ByÂ Parvathi Jayakumar:
Eat Pray Love is break-up therapy, travelogue and a soul-stirring memoir all rolled into one by American author Elizabeth (Liz) Gilbert. The book is the true life account of a year in the author’s life when she emerges from a devastating marriage, followed by a passionate love affair which goes up in smoke, followed by her decision to embark on a quest to put together her broken self by travelling to 3 different places: Italy, India and Indonesia.
1. Candid account of her heartbreak and how she overcame the same
The book puts forth a heart wrenching image of the pain, agony and depression suffered by Liz. It connects with a million readers who have been through the same angst of a soul-shattering heartbreak, moves them to tears, makes them empathize with her and ultimately inspires people to come out stronger from their experience. She beautifully narrates the mental effort, the hard work and the time that she takes to pull herself together and tells the reader there is still hope. She encourages people to believe that there is always a happy, ‘riding into the sunset together’ ending for every story. And this connection that she developed with the readers through her narration is the reason why the book remained on The New York Times Bestseller List for 187 weeks straight!
2. Spirituality cast in a whole new light
Her extremely compelling and engaging description of the spirituality that she finds in an Indian ashram would move even the most cynical of readers to pause and ponder over the same. Also, for the uninitiated, she has sublimely presented the idea of Rudraksha mala of 108 prayer beads. Her intelligence is displayed by the fact that while talking of spirituality; she takes into account atheism as well and comes to terms with its arguments. Also, she has given a clear insight into the gruelling meditation practices and yogic kriyas undertaken by the practitioners to attain Nirvana or the transcendent state.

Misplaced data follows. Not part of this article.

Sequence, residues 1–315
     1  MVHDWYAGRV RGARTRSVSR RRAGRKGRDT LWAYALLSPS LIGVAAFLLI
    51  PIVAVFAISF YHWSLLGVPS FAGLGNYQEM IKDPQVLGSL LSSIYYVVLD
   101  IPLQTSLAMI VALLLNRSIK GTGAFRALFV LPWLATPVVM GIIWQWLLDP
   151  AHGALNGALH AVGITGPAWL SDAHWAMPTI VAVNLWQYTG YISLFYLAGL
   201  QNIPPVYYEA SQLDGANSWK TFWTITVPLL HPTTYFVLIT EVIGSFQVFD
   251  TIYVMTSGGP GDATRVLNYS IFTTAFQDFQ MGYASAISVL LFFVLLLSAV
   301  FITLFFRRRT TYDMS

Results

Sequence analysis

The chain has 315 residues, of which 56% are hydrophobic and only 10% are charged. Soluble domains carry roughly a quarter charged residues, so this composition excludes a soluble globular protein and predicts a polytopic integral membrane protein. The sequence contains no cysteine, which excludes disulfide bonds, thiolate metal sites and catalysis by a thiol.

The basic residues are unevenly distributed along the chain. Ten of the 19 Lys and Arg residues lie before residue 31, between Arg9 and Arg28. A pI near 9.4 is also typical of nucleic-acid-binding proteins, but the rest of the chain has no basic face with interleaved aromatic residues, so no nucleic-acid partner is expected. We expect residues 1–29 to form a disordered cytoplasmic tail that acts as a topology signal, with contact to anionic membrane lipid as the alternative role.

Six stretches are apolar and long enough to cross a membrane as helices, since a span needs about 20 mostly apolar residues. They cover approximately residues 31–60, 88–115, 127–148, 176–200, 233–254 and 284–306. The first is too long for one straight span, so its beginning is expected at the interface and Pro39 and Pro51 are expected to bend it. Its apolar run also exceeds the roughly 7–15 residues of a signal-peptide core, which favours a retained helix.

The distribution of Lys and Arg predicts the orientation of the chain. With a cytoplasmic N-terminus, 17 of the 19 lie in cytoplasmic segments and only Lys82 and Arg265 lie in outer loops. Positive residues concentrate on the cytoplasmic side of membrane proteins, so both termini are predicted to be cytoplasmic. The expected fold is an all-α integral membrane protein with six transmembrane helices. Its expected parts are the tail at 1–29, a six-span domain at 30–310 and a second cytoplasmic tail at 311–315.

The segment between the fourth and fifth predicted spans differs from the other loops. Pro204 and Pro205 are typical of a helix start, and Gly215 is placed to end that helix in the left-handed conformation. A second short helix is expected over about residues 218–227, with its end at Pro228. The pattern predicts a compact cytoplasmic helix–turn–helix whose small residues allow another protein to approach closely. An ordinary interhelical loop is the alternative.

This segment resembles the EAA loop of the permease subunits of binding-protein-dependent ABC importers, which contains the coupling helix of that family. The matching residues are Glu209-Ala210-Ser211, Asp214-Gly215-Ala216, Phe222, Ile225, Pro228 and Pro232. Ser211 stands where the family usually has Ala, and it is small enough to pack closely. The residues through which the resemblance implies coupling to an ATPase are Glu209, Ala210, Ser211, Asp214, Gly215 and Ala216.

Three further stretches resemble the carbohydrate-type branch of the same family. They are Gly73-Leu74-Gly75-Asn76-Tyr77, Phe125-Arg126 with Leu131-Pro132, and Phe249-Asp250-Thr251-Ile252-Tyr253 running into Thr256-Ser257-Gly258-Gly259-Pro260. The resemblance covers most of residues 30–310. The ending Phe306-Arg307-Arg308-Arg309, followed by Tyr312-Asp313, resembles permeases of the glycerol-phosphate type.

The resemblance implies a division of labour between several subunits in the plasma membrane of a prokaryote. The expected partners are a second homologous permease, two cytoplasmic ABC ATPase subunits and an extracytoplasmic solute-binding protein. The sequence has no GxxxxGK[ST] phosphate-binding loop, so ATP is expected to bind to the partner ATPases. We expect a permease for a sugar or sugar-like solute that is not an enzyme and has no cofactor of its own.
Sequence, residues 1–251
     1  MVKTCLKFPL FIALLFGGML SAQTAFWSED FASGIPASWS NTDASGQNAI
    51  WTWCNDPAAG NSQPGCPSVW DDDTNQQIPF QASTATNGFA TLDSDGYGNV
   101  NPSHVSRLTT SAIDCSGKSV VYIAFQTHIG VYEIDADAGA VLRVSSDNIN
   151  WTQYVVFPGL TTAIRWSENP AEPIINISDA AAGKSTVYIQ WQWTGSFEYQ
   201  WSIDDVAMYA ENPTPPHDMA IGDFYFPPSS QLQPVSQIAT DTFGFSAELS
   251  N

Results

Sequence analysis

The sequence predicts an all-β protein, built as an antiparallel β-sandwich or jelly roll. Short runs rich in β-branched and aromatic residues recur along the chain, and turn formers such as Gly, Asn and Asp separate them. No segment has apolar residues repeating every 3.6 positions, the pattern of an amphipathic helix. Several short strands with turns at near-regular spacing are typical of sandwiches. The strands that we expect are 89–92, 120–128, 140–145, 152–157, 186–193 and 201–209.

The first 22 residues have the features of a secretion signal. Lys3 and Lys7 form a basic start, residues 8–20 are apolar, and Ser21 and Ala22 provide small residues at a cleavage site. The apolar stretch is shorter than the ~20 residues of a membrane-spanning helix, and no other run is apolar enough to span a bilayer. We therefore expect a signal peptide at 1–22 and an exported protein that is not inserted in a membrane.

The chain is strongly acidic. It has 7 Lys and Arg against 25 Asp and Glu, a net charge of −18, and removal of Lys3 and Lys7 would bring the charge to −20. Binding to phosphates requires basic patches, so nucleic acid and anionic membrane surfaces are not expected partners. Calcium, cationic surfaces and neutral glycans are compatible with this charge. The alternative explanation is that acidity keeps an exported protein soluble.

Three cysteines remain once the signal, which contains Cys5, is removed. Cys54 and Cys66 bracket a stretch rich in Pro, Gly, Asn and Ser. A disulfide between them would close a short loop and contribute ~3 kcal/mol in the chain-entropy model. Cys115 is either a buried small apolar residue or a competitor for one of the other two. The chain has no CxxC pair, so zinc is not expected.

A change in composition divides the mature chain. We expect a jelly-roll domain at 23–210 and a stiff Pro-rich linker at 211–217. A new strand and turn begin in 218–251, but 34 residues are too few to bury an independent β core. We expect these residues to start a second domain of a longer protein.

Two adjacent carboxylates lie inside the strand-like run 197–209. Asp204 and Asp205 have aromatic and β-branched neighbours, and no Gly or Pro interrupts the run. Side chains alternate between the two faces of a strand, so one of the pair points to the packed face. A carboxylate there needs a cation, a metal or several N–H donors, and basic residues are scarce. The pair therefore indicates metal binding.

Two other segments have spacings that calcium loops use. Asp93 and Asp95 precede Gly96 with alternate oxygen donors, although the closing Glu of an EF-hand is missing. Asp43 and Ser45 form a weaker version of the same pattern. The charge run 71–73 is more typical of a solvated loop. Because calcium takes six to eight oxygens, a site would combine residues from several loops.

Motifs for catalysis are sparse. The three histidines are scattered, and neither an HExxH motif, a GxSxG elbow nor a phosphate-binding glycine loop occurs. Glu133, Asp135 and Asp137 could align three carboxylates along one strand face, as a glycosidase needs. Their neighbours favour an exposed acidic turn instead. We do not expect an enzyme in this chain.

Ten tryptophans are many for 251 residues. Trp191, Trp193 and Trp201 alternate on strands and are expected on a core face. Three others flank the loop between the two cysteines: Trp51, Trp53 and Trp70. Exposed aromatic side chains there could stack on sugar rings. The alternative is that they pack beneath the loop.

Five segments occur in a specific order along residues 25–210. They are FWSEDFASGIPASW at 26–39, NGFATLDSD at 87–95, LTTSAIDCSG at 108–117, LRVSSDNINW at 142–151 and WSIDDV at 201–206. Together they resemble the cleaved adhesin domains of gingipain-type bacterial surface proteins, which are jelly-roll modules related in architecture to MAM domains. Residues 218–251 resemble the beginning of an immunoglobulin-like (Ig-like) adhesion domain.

3. A travelogue to reckon with
Liz has done justice to all the three places she has visited, in her account. Starting from Italy, where she takes the reader through mozzarella cheese, delectable pizzas, romantic avenues and some fluent Italian, she smoothly rolls over to India where ashrams and asceticism rule the roost and then flies over to Indonesia whose herbs, strange but warm people and natural beauty charm the reader into falling headfirst for them.
4. The prose has a charm of its own
Her writing is wry, humorous, intelligent and self-deprecating, all in the right proportions! Not once does she lose the beat, miss the connection with the reader or fail to engage them. The reader sees, feels and enjoys her day-dreams, walks along with her as she fantasizes about the 25-year-old cute Italian male sitting across from her, pities her guilt when she gobbles down pizzas and feels her waist swell, sympathizes with her struggle when she tries to attain the transcendent state and ultimately have butterflies in their tummies as she finds some good natured, sexy love in the heart of Bali.
5. Riveting and intriguing characters
Since this is a real life account, all the people that she has described in the book are also real people and hence easier to feel admiration for. Every character, starting from Giovanni to Richard to Ketut Liyer, is in a different league, brings something new to the table from their myriad life experiences and prompts the reader to think in one or the other way through their wise and witty dialogues. These characters move the reader to put aside their conventional train of thought and embrace the variety of life.
Highly recommended for those who have suffered heartbreak, and for those who haven’t!